Despite the news that the budgetary shortfall is less than expected, the government is accelerating its attack on Britain…
The post-election choreography that has occurred over the past month is revealing. Suddenly rather than adopting a graduated approach spread over four years, the notion of immediately slashing public sector expenditure is considered to be a sound government policy.
The timing of this slash and burn agenda has coincided with credit ratings agencies such as Fitch issuing well publicised “independent” investigations into Britain’s finances, giving support to an immediate attack.
Nevertheless, this shock and awe choreography became stretched just before the 22 June budget when the actual shortfall between government expenditure and revenue for the year ending 5 April 2010 came in at £152 billion. This is £22 billion lower than the estimated £174 billion deficit that had been headlined across newspapers since October 2009, something the government tried to brush aside.
Debt and deficit
Remember that deficits are only estimated budgetary shortfalls at a point in time. Nevertheless the term debt (which is a definite sum of money owed) and deficit (which is a projection) are often portrayed as meaning the same thing. Similar debt/deficit muddling is also part of the technique used when attacking final salary pension schemes.
When the £22 billion improvement became known, the government immediately smothered the news by stating that Britain’s finances are actually worse than previously thought. Even the Treasury’s new Office for Budget Responsibility struggled to support the Government on that one, but still helpfully managed to tinker with some future growth assumptions to give the Osborne budgetary message credibility.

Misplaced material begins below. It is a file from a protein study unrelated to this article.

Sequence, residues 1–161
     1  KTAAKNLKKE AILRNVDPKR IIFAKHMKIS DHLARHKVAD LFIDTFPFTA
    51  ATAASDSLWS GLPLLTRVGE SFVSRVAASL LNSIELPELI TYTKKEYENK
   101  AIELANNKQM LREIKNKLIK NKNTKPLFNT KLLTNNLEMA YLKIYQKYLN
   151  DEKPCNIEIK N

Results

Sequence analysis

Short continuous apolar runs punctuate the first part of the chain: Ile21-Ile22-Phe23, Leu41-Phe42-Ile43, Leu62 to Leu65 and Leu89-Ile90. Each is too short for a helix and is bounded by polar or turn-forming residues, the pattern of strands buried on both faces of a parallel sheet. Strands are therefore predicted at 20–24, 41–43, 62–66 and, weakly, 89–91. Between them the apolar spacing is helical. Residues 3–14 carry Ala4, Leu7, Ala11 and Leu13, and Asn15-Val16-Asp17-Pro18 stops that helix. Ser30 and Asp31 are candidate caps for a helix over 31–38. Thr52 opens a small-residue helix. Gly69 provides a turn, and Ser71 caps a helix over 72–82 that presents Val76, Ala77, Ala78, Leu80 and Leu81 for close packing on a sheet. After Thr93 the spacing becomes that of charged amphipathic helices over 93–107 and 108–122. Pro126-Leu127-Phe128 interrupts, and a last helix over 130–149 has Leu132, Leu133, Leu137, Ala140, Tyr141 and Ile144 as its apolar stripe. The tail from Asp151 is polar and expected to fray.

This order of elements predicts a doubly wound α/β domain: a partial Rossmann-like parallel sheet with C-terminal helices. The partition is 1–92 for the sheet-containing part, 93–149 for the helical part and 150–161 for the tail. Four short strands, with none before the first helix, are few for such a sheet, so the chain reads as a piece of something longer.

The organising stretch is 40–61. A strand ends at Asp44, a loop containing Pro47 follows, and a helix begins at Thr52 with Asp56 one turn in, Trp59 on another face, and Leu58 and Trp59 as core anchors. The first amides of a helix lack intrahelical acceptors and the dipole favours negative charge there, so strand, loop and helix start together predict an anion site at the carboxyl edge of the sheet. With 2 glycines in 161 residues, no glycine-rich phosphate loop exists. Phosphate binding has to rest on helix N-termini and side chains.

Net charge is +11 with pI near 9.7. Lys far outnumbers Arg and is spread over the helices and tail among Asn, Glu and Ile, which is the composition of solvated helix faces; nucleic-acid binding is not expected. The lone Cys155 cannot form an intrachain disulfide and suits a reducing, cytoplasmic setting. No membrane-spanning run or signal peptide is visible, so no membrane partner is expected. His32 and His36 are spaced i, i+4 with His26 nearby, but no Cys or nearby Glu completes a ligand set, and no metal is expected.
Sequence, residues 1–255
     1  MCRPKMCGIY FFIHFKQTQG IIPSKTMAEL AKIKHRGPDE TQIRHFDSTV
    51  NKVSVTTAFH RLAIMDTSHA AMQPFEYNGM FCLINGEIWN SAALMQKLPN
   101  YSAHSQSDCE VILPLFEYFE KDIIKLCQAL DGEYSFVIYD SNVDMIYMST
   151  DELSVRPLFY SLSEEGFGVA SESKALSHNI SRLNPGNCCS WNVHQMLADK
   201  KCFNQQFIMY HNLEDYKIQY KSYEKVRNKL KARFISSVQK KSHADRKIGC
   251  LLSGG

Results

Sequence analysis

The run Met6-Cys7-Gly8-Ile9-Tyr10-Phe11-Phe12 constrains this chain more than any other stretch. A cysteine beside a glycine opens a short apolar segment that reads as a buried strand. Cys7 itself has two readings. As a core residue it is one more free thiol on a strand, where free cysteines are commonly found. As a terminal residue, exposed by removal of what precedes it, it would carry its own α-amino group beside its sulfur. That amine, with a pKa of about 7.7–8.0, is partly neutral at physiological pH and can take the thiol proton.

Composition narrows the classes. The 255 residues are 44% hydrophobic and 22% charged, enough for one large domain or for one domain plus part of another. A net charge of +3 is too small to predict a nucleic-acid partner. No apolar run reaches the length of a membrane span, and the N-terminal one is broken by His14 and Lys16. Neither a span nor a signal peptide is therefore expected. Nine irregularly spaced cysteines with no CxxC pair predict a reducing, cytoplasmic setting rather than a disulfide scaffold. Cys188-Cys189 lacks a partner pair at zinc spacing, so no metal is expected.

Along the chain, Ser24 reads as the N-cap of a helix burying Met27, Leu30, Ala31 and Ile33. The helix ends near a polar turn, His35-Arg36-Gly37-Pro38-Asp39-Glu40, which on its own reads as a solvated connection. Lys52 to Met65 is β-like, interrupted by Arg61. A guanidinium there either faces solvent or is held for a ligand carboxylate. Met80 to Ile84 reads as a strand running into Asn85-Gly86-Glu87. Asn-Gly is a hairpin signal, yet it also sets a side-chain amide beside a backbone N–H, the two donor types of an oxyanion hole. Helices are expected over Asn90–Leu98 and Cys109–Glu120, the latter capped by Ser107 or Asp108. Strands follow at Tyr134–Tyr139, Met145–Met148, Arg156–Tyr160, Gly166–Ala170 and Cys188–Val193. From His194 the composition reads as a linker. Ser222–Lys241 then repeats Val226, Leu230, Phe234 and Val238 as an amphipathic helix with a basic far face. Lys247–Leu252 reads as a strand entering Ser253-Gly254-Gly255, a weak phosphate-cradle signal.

Of course the Office for Budget Responsibility is another of those fake “independent” bodies that have just been set up. It is chaired by that useful idiot Alan Budd, who was the economist of choice for both Nigel Lawson and Norman Lamont when they were chancellors in the 1980s and early 1990s.
Obviously all this budgetary posturing by the government is designed to weaken working class resolve, but the important point to make in terms of political economy is that this is not a 1979 moment. For example it is now begrudgingly acknowledged that Britain’s position would be far worse had we joined the euro. The fact that we are not in the euro is entirely down to the working class and we should use this as part of our drive to bring about working class ascendancy.
Labour, Tory, Liberal, SNP and any other parliamentary rubbish would all have liked to have pushed us into joining the euro. They and their chattering experts were wrong and the working class was right, so why on earth now listen to any of their nonsense? They have just one policy and that is “make the working class pay”.
To illustrate how threadbare this approach has become, when asked why public finances have been landed with the £130 billion cost of shoring up bank balances, a Treasury spokesman said that supporting banks this way rather than consolidating them into just one British bank, maintains consumer choice. How lame.
In the circumstances it is down to the working class to move forward with the intention of taking control at the first opportunity. Our current debt is just over £900 billion, while our savings including invested pension assets are double that amount.
So rather than waste our savings supporting future government debt and foreign creditors in the manner that they have planned, we must use our capital to develop a self-reliant industrial economy completely outside of the EU, with a preparedness to trade throughout the world. We may then happily deal with Britain’s creditors but we will never become their slaves.